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When conservatives take up armed resistance against D.C. despotism, theyll really regret some of the toys they gave the government. Rubio and Palin want the populace to be able to arm itself with assault rifles. But they want the government armed with F-35s — a $100 million-plus stealth plane with a top speed of Mach 1.6. When President Obama discovers his inner tyrant, it wont be a fair fight.

via Great Gun Gobbledygook: The Paradox of Second Amendment Hardliners – Dominic Tierney – The Atlantic.

 

The Students of War

Mr. Obama has placed himself at the helm of a top secret “nominations” process to designate terrorists for kill or capture, of which the capture part has become largely theoretical. …[lots of stuff deleted]… A student of writings on war by Augustine and Thomas Aquinas, he believes that he should take moral responsibility for such actions.

via Secret ‘Kill List’ Tests Obama’s Principles – NYTimes.com.

Assessing the dystopian reality that emanates, almost robotically, from the above excerpts, David Luban of The Boston Review shook the bug parts and dried skin from his paperback Penguin Classics and asked himself “what the president may have taken from these two Christian writers and, more important, whether their arguments in fact support the morality of the president’s actions.”

I can save you a lot of time here by simply saying, War is not moral.

Nevertheless, I digress: “The central themes of just war theory,” Luban begins earnestly, even cheerfully, “are easy to grasp.” That is the good news and, as far as it goes, of course, that much is true. The roots of “just war,” you know, actually wrap seductively around the sprawling ouerve of the too-popular-for-his-own-good Aristotle and, perhaps, stretch tantalizingly to the tiresome, anti-egalitarian Plato, who more than even Erica Benton (Jill Clayburgh) in an “Unmarried Woman” was looking for good, moral men. It is a long, if futile, intellectual tradition.

The ideas of just war that come from Augustine and Aquinas, though, are not particularly meaningful or well-explained innovations. They are the same, starry-eyed Platonic politics hardened in the kiln of Roman law (casus belli), and then lacquered insensibly with a Christian sensibility.

I do not mean to criticize Augustine; he had a lot on his plate. Remember, Augustine was not conjuring ideas out of thin, olive-scented air like Plato, or from the inchoate Scriptures like Origen. Augustine lived at a time when civilization, at least in the West, was crumbling disturbingly down around the fringes of his toga. “City of God” was written immediately after the Visigoths sacked Rome in 410 and and Augustine is never really able to find peace of mind. He dies in his home of Hippo in 430 as the Vandals are besieging the city.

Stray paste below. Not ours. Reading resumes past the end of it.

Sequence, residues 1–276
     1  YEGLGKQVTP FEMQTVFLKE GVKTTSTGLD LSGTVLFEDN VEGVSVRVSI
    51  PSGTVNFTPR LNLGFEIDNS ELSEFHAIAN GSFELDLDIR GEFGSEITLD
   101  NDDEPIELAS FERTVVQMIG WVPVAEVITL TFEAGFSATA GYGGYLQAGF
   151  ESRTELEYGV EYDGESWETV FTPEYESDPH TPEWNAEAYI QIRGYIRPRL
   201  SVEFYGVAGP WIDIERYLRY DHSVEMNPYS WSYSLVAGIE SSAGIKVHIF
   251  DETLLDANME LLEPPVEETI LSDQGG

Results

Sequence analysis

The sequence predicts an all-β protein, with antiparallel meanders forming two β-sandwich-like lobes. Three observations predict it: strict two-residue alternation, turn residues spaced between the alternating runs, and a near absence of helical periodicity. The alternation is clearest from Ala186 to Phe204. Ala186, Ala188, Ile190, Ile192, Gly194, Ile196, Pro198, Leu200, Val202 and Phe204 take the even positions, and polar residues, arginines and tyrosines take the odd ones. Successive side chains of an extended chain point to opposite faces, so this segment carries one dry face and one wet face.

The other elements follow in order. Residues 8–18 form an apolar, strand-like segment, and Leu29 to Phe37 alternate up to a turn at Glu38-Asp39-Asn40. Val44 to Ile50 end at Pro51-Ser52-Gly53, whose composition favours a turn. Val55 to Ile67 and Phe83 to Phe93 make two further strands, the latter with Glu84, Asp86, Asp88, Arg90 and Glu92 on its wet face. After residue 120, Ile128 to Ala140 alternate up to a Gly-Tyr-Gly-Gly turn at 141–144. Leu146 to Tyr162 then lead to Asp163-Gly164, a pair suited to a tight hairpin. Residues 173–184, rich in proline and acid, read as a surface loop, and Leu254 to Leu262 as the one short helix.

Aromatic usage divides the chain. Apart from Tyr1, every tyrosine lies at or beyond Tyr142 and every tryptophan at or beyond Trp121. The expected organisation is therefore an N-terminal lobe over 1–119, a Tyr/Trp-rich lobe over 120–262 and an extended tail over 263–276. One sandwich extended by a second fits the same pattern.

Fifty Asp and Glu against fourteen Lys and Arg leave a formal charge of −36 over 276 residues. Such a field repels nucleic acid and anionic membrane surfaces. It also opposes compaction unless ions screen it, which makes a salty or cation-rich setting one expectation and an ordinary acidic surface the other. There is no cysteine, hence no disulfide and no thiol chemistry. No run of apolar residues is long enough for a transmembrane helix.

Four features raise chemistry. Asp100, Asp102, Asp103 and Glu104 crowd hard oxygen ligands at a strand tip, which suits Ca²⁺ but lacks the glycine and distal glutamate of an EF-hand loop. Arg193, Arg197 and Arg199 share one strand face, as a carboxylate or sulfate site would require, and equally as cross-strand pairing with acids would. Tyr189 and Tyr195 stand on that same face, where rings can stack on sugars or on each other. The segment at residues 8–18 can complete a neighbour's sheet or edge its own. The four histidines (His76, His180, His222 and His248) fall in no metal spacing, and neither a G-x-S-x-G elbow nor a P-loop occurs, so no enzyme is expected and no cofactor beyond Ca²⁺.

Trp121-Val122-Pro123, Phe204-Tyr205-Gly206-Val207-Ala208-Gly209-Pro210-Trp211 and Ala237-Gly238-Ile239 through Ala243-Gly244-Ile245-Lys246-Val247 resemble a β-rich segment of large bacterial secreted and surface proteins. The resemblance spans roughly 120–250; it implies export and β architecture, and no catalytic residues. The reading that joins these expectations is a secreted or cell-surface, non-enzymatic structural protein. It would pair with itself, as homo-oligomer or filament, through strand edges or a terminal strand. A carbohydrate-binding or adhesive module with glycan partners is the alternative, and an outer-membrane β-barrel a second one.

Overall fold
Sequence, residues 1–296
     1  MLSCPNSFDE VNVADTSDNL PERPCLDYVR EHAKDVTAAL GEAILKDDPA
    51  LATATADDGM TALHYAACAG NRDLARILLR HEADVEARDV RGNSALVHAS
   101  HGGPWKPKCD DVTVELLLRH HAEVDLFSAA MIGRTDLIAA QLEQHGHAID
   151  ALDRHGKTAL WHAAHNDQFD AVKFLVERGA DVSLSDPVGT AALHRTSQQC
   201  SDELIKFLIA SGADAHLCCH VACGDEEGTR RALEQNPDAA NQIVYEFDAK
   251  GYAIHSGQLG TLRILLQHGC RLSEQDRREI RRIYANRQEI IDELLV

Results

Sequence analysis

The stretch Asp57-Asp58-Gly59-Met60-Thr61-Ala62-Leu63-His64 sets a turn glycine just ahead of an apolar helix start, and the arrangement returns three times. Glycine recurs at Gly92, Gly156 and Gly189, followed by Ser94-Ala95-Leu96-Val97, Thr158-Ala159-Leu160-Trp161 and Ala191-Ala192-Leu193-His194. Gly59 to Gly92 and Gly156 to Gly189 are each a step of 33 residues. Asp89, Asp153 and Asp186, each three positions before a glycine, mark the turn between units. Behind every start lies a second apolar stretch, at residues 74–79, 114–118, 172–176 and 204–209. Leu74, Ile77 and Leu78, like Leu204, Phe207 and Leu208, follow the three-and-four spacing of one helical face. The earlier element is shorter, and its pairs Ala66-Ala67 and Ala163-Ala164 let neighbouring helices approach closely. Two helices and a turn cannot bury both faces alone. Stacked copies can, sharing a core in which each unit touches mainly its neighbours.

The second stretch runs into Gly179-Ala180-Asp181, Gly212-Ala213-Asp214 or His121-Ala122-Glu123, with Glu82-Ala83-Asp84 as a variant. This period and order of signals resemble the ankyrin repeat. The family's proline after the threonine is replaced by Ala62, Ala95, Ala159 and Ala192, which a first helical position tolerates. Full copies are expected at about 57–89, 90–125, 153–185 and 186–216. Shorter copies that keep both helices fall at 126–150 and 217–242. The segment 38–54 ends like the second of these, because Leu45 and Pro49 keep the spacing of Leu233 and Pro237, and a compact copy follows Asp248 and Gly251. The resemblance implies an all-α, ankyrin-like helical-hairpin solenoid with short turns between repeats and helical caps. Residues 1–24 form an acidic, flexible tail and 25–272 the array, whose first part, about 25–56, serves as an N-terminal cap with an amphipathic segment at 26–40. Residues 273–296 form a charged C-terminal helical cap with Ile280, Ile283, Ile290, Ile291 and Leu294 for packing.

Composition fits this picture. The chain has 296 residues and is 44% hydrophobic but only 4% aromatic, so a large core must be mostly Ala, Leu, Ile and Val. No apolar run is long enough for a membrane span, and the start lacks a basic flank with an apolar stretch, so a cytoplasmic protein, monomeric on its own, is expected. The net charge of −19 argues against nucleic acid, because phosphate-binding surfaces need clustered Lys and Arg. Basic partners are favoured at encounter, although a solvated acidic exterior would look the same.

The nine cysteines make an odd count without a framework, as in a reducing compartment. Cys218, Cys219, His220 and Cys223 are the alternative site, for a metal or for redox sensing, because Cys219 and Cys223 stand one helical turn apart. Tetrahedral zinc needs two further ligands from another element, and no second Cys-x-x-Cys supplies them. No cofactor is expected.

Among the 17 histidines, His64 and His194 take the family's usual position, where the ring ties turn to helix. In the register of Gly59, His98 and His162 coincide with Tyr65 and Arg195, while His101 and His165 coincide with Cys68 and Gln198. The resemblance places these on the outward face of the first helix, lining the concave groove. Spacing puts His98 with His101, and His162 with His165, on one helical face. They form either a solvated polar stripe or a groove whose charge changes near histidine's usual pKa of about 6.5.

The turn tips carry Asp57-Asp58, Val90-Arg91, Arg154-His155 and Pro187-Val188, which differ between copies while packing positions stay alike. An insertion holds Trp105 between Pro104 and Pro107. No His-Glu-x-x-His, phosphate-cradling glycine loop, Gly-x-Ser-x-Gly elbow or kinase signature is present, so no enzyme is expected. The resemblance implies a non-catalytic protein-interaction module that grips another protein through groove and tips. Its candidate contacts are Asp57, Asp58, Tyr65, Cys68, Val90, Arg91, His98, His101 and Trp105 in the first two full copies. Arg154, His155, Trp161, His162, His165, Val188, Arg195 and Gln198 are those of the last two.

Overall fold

In between, Augustine was part of a shift in biblical commentary from allegorical interpretations to more historical ones, a shift that follows the church’s movement out of the cultic shadows and that concerns itself increasingly with political aims. Above all, in musing about just war, he is trying to provide some hopeful comfort — and to reinforce the relevance of the church — to a literate elite that was supremely worried that hairy-chested barbarians would come out of the forest and string them up their you-know-whatses.

Luban, for himself, proceeds with a thoughtful discussion of what in war is “morally permissible,” and it does not take long for him to remark that “there are no simple answers.”

Urban II.

Perhaps he should have considered a more apt teacher for Mr. Obama: Pope Urban II.

Urban II, of course, is the pope who initiates the first crusade with a 14-month revival-style tour of what is now mostly France. Urban glad-handed with church officials and nobles and, probably, the least-offensive peasants, schlepping around the countryside in a calculated attempt to assert his political authority as a church reformer. A part of this campaign, and only a part, was an appeal for people to “take up the cross” and shake the infidels loose from the idealized holy city of Jerusalem. Ironically, these infidels were, at that moment, probably smug in the belief that they had already shaken the city loose of infidels themselves a few centuries before. (That is the notion of just war in a nutshell.)

I do not mean to revive the tired comparison of the United States military’s expeditioning (or that of any Western power) to the Crusades. Luban is talking about just war, and so am I. And the justifications that Urban promulgated in his sermons, Masses and general politicking while trudging through the mud and snow have the same admirably malleable characteristics vaguely expounded upon by Augustine. Urban’s innovation was to back it with political will and good timing.